“He who hesitates is lost.” – Joseph Addison
“The early bird gets the worm.” – Proverb
“If you ain’t first, you’re last.” – Ricky Bobby (Talladega Nights)
Those sentiments permeate business lore. It doesn’t matter if your solution isn’t the best (or even finished). Just get it to market and stake your claim.
After the market crash, a similar philosophy was adopted by MBA graduates: In musical chairs, you don’t want to be the guy standing when the music stops.
Boy, have times changed! This week, The Wall Street Journal’s Melissa Korn examined an emerging phenomenon: MBAs playing the field. No, they’re no longer snagging six-figure consulting gigs before Christmas break. Instead, they’re holding back, weighing their options, and looking for the perfect fit. Like so many Gen-Ys, they’re seeking satisfaction over security. And they’re not worrying about waiting too long and ending up jobless.
Sounds almost counterintuitive in this do-more-with-less economy, where employers subtly remind their people, “You’re lucky to have a job.” These days, most employees play it safe, sticking with employers they loathe for a steady paycheck. They know how unforgiving the job market can be, as employment gaps are equated with personal or professional deficiencies.
MBAs, often the first adopters, are seemingly re-writing the rules. In reality, they’re simply embracing the new realities of work. Traditionally, an MBA was viewed as a striver, looking for a cozy white-shoe gig. But now, many are developing an entrepreneurial bent. As a result, according to Korn, they’re “flock(ing) to technology firms and startups, which typically can’t predict staffing needs too far in advance and so tend to hire closer to graduation than do finance and consulting companies.”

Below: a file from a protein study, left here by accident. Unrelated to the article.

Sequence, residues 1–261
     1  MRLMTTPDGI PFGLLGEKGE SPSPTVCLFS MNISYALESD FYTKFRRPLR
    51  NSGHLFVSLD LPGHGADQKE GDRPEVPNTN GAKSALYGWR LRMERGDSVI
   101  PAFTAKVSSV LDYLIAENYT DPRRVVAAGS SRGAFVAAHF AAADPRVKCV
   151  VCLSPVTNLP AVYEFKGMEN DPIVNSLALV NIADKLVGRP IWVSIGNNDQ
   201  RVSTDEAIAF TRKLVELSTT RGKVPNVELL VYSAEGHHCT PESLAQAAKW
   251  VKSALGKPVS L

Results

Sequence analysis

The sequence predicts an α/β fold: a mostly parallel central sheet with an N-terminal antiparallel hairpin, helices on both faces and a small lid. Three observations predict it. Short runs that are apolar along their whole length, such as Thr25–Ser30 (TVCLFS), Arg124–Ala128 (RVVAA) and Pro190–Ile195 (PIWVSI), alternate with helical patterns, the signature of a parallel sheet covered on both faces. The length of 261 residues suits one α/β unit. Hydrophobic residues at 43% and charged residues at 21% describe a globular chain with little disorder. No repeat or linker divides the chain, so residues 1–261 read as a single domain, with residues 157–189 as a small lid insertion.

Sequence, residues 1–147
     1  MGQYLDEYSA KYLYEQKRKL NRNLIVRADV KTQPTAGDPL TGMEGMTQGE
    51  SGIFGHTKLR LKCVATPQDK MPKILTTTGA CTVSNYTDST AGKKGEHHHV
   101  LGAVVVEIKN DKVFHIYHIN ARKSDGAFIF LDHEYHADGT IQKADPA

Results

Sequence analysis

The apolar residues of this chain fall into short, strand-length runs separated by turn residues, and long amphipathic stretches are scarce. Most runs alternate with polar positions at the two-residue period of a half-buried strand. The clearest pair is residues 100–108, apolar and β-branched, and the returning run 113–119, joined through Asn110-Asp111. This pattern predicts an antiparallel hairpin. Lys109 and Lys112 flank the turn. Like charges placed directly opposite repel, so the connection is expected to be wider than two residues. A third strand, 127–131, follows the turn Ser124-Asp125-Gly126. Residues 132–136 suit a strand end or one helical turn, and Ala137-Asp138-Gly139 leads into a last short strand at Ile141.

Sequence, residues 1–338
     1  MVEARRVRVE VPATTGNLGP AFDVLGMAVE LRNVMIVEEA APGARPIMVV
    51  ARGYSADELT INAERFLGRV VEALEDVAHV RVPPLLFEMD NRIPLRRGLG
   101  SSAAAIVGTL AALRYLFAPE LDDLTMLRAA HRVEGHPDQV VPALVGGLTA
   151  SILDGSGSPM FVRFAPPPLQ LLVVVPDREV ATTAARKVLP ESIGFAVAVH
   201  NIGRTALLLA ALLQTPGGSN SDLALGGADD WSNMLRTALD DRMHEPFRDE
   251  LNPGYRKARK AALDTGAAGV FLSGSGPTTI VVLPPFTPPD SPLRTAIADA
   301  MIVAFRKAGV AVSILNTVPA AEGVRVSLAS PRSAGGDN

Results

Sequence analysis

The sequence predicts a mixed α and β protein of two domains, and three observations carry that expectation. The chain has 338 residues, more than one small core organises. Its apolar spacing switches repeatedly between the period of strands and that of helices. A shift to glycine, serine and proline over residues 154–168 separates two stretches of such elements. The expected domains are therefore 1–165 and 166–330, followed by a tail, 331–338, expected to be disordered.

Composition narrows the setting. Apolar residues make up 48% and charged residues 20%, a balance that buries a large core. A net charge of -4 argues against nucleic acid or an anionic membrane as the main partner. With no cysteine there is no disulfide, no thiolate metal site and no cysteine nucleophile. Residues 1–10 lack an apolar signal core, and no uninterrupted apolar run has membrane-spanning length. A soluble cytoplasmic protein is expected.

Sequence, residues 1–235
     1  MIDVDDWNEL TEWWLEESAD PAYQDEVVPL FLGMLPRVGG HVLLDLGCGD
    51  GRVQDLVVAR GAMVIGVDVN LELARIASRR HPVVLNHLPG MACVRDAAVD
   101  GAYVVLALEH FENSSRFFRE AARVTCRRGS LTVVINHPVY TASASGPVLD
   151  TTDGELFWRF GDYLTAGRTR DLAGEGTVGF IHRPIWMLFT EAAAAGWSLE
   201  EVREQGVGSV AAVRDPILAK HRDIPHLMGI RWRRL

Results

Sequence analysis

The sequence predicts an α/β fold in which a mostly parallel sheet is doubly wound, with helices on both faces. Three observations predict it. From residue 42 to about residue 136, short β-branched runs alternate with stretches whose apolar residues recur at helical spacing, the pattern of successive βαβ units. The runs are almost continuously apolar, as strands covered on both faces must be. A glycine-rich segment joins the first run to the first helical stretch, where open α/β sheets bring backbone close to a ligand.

In fact, students’ FOBU (Fear of Being Unemployment) has been replaced by FOMO (Fear of Missing Out). As Maeve Richard, head of the career management center at the Stanford Graduate School of Business, tells Korn, there is now greater pressure on students to “explore a new passion, experiment in entrepreneurship or work for a startup.”
By waiting, MBA students are also exhibiting greater confidence in themselves (and optimism toward the future). Ellen Cory, a second-year at Tuck, shared with Korn that she has already rebuffed several offers. “I’m not nervous. I’m not behind for the type of position I’m trying to get. I’ve seen classmates get a lot of great jobs. And I have confidence that I will be able to find a job that satisfies me.”
And Cory isn’t alone. Jennifer Bridge, who oversees recruiting at the Haas School of Business at the University of California at Berkeley, revealed that only 74% of 2013 graduates who’d received job offers at graduation had accepted them. “The current student population is definitely willing to wait for the right opportunity,” she says. As a result, many recruiters are making offers later in the cycle.
Behind it all is that universal desire for personal happiness. According to a study conducted by the Tuck School of Business at Dartmouth College, 2013 graduates who landed jobs after graduation were happier than those who accepted them before graduation.
Even if waiting for the perfect job is risky, previous MBA grads grudgingly accept that new MBAs can be more selective. Steffen Gnegel graduated from Stanford before the economic collapse. Back then, he tells Korn that his peers were “more worried about securing employment—any employment.” In recognition of the recovery and skyrocketing growth in Silicon Valley, he shrugs, “I guess they know they can afford to hold out for the right fit.”
What are your thoughts? Is waiting for the right job a shrewd strategy – or just brazen and foolish?
Source: Wall Street Journal